Catalonia has long been the historic industrial backbone of Spain, home to many of the country’s most important factories and one of its largest workforces. Back in the late 19th century, at the height of Spain’s industrial revolution, the success of Catalan industry caused new problems for local factory owners: the growing demand for land was increasing the cost of constructing factories inside the city. However, unless there was an abundant workforce on hand elsewhere, the factories were tied to the city.
A turning point arrived when factory owners began to construct what were referred to as ‘worker colonies’ – large estates comprising both a factory as well as housing for the workers, schools, hospitals, markets and shops. It soon became apparent that it more economical to build an entire estate in the countryside than to build a factory in the city.
Located in the small community of Santa Coloma de Cervelló, construction on the Colonia Güell began in 1890 under the instruction of Catalan entrepreneur Eusebi Güell. A successful businessman, Güell was also a social innovator who cared about the working conditions and well-being of his employees. In fact, another site in Barcelona which bears his name – the Park Güell – was designed as a utopian private estate located away from the smog of the inner city. His vision for the Colonia Güell included creating places for the arts and culture, as well as relatively decent accommodation for the time.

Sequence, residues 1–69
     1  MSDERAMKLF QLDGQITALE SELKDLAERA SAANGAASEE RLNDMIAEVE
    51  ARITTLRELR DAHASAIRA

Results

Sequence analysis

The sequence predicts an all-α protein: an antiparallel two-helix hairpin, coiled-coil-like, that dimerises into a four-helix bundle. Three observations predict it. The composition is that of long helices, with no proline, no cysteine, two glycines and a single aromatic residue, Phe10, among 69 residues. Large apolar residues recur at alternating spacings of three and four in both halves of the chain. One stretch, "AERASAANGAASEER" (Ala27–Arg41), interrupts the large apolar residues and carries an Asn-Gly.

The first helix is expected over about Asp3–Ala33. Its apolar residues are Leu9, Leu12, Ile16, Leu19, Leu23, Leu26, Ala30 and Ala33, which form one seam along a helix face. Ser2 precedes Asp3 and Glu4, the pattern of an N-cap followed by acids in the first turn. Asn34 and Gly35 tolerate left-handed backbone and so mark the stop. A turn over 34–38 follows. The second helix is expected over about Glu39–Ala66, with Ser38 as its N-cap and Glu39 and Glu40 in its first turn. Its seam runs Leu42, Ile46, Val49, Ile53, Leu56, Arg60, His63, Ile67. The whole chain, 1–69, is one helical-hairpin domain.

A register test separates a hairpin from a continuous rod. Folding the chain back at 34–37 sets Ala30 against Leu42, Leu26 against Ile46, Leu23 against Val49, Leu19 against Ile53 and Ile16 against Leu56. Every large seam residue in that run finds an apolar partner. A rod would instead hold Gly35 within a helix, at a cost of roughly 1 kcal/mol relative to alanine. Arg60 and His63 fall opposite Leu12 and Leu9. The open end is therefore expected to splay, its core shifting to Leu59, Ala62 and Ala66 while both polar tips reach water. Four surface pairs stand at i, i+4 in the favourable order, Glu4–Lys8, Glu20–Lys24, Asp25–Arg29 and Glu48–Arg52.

A great appreciator of architecture and supporter of the Catalan Modernist movement, Güell requested that his friend Antoni Gaudí, as well as other notable architects from the time, help design the Colonia Güell. Specifically, Güell asked Gaudí to set to work on designing the colony’s church and is rumoured to have told the architect he had complete liberty to do whatever he pleased.
For Gaudí, this was an opportunity to practice some of his most innovative techniques and designs – many of which would later be used in the construction of the world-famous Sagrada Família. Some of the most distinctive elements of Gaudí’s design were incorporated into the church, including leaning pillars and catenary arches, as well as the use of organic shapes and symbolism.
The original design of the church called for the construction of two naves, lower and upper, topped by different towers and a 40m high central dome. A model of the design, which was placed in a pavilion nearby the construction site, showed a striking resemblance to the final design of the Sagrada Família. However, in 1914 the project was brought to an end when Güell decided to withdraw funding for the construction of the church. The existing nave – the only one to have been constructed – was consecrated just a few years later, by which point the church had begun to be known locally as the ‘crypt’ owing to its single chamber structure.
In 2005 the Colonia Güell was declared a UNESCO World Heritage site alongside six other masterpieces by Antoni Gaudí. Despite this it remains relatively unknown to the public and attracts nowhere near the same attention as counterparts in Barcelona. However, for architecture aficionados and admirers of Gaudí’s work it is one of his most fascinating and intriguing masterpieces.